So we end up with people like Ambrose Evans-Prichard (of the conservative Daily Telegraph) denouncing the European Central Bank NOT for its credit-money bubble antics – but for not expanding the money supply ENOUGH.

    Not because he is an evil man (he is not), but because he has been educated all his life to see credit-money expansion (“monetary stimulus”) as legitimate.

    And this goes to his (and most other establishment types) view of banking itself.

    To them a banker is not someone who takes earned savings and lends them out.

    No – a banker (to the modern mind) is a wizard, who CREATES credit (via the magic spells of book keeping tricks) for “the good of the economy”.

    This is not a credit bubble – it is “the life blood of the economy”.

    And the role of governments (Central Banks and so on) is to push the banks to do this – on and on, for ever.

    And to support the banks whenever they get into trouble.

    It is not this-or-that detail that is wrong – it is the whole view of the economic world.

    The real world is based on work, producing an income, choosing to NOT consume some of this income – but, rather, to invest it (either directly – or by lending it to someone else for them to build factories and so on).

    The world the the elite sees is based on “demand”, on “consumption” and lending is not financed by thrift, hardwork and self denial (indeed those are bad things – which undermine the economy), but is financed by creidt-money espansion (in turn created by book keeping tricks – with direct government money creation whenever the credit bubble produced by those book keeping tricks looks like it is going to collapse).

    In one view of the economy human effort and human REASON are the main factors.

    In the other view of the economy magic spells (credit money expansion) and “animal spirits” are the main factors.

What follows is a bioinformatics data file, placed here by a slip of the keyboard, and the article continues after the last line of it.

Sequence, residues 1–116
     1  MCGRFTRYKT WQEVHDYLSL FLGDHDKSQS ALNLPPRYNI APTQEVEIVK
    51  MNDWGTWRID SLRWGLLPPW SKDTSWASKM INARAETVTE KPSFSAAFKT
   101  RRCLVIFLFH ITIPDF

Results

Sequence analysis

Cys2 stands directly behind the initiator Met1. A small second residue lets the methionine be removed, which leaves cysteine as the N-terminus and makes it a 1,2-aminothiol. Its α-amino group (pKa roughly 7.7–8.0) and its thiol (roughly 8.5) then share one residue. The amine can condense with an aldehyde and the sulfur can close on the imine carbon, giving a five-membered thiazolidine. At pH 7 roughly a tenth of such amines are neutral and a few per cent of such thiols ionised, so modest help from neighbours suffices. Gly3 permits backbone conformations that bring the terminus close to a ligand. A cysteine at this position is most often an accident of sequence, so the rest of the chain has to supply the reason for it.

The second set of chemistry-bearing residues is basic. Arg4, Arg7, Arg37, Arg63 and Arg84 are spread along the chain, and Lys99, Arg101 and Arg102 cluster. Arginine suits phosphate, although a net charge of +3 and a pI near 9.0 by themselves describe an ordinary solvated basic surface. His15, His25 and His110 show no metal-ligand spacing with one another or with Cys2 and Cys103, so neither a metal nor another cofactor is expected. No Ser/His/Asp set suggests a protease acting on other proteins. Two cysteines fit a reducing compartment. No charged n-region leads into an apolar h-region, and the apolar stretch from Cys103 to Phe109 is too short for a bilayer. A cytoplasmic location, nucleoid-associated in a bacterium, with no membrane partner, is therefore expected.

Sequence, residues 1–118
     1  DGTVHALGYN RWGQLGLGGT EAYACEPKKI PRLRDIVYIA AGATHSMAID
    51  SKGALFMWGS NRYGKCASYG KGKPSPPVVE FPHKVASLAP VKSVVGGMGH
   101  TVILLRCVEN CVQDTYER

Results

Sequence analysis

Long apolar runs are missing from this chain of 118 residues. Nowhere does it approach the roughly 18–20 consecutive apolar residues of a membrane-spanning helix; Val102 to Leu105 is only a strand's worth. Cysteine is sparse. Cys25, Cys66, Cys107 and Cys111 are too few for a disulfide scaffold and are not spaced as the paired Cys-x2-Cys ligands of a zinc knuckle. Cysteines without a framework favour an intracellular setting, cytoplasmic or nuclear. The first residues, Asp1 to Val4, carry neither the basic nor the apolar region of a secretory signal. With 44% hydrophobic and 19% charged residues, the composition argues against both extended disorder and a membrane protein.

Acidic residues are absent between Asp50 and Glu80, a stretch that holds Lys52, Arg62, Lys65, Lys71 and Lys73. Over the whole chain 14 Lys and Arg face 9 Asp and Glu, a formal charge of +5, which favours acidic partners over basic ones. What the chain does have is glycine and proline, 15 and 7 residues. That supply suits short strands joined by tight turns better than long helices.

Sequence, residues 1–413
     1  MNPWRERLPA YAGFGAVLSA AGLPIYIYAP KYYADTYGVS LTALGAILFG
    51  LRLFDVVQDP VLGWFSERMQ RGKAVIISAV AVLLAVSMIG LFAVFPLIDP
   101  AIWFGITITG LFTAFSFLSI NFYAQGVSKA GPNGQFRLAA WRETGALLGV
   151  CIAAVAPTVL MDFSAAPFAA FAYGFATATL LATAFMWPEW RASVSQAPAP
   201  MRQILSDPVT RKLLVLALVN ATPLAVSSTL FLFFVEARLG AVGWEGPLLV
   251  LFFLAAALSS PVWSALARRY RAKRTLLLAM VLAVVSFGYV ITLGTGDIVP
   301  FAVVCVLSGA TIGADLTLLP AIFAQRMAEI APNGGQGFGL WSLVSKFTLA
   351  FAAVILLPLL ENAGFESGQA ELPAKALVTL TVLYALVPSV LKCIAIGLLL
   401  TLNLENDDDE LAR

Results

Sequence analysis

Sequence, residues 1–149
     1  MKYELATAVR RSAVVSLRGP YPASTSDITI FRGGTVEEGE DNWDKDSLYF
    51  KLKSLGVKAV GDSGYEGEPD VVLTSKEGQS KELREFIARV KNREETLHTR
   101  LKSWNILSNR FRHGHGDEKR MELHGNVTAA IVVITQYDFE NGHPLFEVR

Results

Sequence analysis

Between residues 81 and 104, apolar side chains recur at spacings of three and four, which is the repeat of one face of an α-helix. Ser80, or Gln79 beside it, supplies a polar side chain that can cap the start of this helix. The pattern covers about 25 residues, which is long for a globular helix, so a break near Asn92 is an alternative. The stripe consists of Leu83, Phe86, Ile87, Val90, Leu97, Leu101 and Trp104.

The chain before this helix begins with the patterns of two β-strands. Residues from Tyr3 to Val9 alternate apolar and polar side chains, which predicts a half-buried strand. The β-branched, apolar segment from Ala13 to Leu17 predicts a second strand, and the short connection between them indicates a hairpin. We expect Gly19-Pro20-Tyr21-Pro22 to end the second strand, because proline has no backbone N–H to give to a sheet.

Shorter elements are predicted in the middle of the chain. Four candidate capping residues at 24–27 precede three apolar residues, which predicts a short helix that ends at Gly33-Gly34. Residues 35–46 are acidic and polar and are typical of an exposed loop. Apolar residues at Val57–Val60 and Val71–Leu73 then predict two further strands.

One can not really have a converstation over this divide.

    As the two views of the economic world are so radically different.

    Tragically it is the insane view of the economic world that is in charge.

  • Jacob

    Every economist (even Paul Krugman, let alone Keynes) will concede that printing “too much” money is bad, that you can’t print infinite amounts of money. (Print money = expanding credit).
    They only maintain that printing is advisable “just now”.
    The funny thing is – they say “just now” always.

  • Ken

    Funny thing — I just attended a recent presentation by James K. Galbraith in which he named Ms. Bair as one of the few brave people in DC (of course, he rattled off Elizabeth Warren too…but one plants spinach, one gets spinach). Somehow I doubt this is what Dr. Galbraith had in mind.

  • Current

    This is the best bit: “Sheila Bair is a former chairman of the Federal Deposit Insurance Corp.”

  • Richard Thomas

    All fiat money is credit really. That we have been able to use it for going about our daily business for so long is something of a miracle of prestidigitation.

  • veryretired

    Just as bad money drives out good, so too do bad ideas, i.e., magical, unrealistic assertions that everything will be ok without too much painful effort or complex thought, drive out good ideas that are difficult and full of nasty math and other ishy things.

    Then, as always, reality lands in big heavy boots right on all those fragile, delicate, airy-fairy dreams, and difficult takes on a whole new meaning.

    I fear my children, and theirs, will be cleaning this mess up for a long, long time.

  • Paul Marks

    All good interesting comments (from Alisa’s comment right to veryretired’s comment).

    I was going to make extra points, but other folk have already done so (and in a much less long winded way than I would have).

  • Andrew Duffin

    An exciting proposal.

    If we can’t go all the way with a loan scheme like this in the UK, we could surely at least raise the minimum wage to £25 an hour.

    Think how much good that would do!

  • Rapa A.

    “I had somewhat more to say upon this part of the subject but the post is just going, which forces me in great haste to conclude, Sir,…” ( Jonathan Swift, “Mechanical operation of the spirit”)
    The tales, tales…